Ethiopian Begins Refitting Makeshift Freight 777s With Seats

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Ethiopian was one of the first airlines in the world to embrace the opportunity of moving cargo in place of passengers during the COVID crisis. At one point, 25 passenger aircraft had their seats taken out in order to maximize cargo capacity. Acting Chief Commercial Officer at Ethiopian, Esayas WoldMariam, told Simple Flying that now, demand for passenger services is beginning to ramp up to the point that airline is starting to put some seats back on these aircraft.

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Ethiopian removed passenger seats from its aircraft early on in the crisis. Photo: Boeing

Ethiopian embraced the preighter early on

Before COVID, Ethiopian Cargo worked with a dedicated fleet of 10 777F and two 737-800s. However, as demand for cargo services soared and the bottom dropped out of the passenger market, the airline moved to increase its capacity to shift goods. Acting Chief Commercial Officer at Ethiopian, Esayas WoldMariam, told Simple Flying about the conversions, saying,

“The conversion of passenger aircraft into freighters – as we call them preighters – it was necessary because shipments of Personal Protective Equipment and medicines and supplies in connection with COVID-19 were highly in demand. Many of the passenger airliners, particularly the widebody and long-range aircraft were grounded. Air spaces had been closed and flying of passengers had stopped.

“So, this combination of a lack of daily hold capacities, which constituted 45% of the total cargo conveyance on the planet was massively reduced. When that [capacity] was reduced, and the need for conveyance of PPE was surging, then we had to embark. Necessity pushed us into converting 25 aircraft plus we used our existing cargo aircraft, 12 of them, so altogether we were working with about 37 of them.”

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Ethiopian’s 10 dedicated 777Fs weren’t enough to match demand. Photo: Ethiopian Airlines

Ethiopian’s cargo conversions weren’t just change of use. While aircraft like the 777 and Dreamliner have large capacity belly holds, Ethiopian had the foresight to undertake a full pivot to cargo. Ato Esayas explained,

“The conversions constituted removing passenger seats and using both above and below the wing capacity of the aircraft for cargo purposes.”

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Now, seats are going back in

Having successfully achieved six months of survival primarily through cargo operations and repatriation flights, Ethiopian is now looking ahead. Small glimmers of positivity are beginning to shine through, and Ethiopian is seeing the need to bring some of these preighters back into passenger service. Esayas told us,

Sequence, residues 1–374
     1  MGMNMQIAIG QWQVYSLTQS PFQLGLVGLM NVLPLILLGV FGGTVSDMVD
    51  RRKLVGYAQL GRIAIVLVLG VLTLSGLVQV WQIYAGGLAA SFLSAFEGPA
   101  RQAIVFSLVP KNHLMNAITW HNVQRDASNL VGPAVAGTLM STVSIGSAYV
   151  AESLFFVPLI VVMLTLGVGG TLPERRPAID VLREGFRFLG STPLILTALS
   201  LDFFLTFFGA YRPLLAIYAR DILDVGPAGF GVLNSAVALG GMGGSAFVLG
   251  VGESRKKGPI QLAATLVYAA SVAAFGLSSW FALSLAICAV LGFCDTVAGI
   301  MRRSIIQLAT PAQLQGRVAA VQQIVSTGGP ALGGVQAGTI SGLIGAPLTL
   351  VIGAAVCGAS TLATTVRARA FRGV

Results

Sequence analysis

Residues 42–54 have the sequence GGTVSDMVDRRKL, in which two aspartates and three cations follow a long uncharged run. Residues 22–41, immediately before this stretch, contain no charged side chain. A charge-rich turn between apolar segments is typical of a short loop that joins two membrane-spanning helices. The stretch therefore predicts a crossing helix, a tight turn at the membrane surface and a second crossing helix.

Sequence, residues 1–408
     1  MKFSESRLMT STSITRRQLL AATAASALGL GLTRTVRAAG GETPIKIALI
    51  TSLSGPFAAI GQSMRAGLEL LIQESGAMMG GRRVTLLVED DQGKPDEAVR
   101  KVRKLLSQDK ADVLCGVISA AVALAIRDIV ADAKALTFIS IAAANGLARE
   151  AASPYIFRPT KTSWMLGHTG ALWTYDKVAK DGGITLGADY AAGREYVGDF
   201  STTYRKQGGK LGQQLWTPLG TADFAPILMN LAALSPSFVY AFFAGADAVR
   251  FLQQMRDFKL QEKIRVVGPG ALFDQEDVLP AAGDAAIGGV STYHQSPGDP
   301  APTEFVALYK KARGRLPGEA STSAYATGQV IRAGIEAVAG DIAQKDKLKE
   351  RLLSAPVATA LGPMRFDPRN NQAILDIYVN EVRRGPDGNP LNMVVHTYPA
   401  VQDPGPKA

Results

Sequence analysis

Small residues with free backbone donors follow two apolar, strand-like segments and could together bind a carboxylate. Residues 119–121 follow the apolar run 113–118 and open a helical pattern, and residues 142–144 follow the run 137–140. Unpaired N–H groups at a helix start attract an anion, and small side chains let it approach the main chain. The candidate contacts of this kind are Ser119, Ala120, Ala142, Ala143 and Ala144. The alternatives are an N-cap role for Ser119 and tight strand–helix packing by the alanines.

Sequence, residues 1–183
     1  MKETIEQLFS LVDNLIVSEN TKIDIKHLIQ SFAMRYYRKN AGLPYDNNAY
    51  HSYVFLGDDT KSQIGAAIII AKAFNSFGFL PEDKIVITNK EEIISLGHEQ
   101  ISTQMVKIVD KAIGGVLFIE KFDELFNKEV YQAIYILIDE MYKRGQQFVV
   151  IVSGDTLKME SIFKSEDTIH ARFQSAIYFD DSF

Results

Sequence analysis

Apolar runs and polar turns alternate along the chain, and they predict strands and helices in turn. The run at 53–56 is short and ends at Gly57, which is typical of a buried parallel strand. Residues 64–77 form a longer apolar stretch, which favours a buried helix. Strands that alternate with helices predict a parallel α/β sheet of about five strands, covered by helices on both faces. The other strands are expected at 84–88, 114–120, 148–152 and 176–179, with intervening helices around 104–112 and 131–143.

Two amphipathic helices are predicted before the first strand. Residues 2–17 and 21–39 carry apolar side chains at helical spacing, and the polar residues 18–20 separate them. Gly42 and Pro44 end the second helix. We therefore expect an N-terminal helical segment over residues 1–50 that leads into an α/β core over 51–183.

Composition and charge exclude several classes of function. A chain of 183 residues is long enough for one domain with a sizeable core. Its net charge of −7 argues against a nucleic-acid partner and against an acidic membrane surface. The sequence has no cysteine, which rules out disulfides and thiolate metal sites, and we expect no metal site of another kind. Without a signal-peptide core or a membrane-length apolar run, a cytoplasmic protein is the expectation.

“There are a few of them which we are now partly converting back to passenger configuration. Because more and more air spaces and countries are opening their borders for passenger arrival. Also, our hub and spoke network is getting more and more dense. So, we are bringing some of them back to passenger service.”

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Some of the converted 777s are being returned to passenger configuration. Photo: BriYYZ via Wikimedia

Hearing that widebodies are being returned to passenger service due to demand is incredibly reassuring right now. Many widebody fleets have been mothballed long-term, as airline executives predict several years of low demand for international traffic. But for Ethiopian, its early focus on cargo has meant that it doesn’t need a huge passenger load factor to make these long-haul flights profitable. Ato Esayas explained,

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“With both passenger and cargo combined, we have resumed about 40% of our pre-COVID operations. That that may not be with dense passenger load factors, but the payload capacity is being put into a very good use for conveyance of cargo and whatever number of passengers we have above the wing. So, the combined economics would be still palatable for us.”

For Ethiopian Airlines, this flexibility and agility in its operations have allowed it to weather the COVID crisis with no bailout. Keeping this open-minded approach to its operations will undoubtedly see it emerging an even stronger global player.

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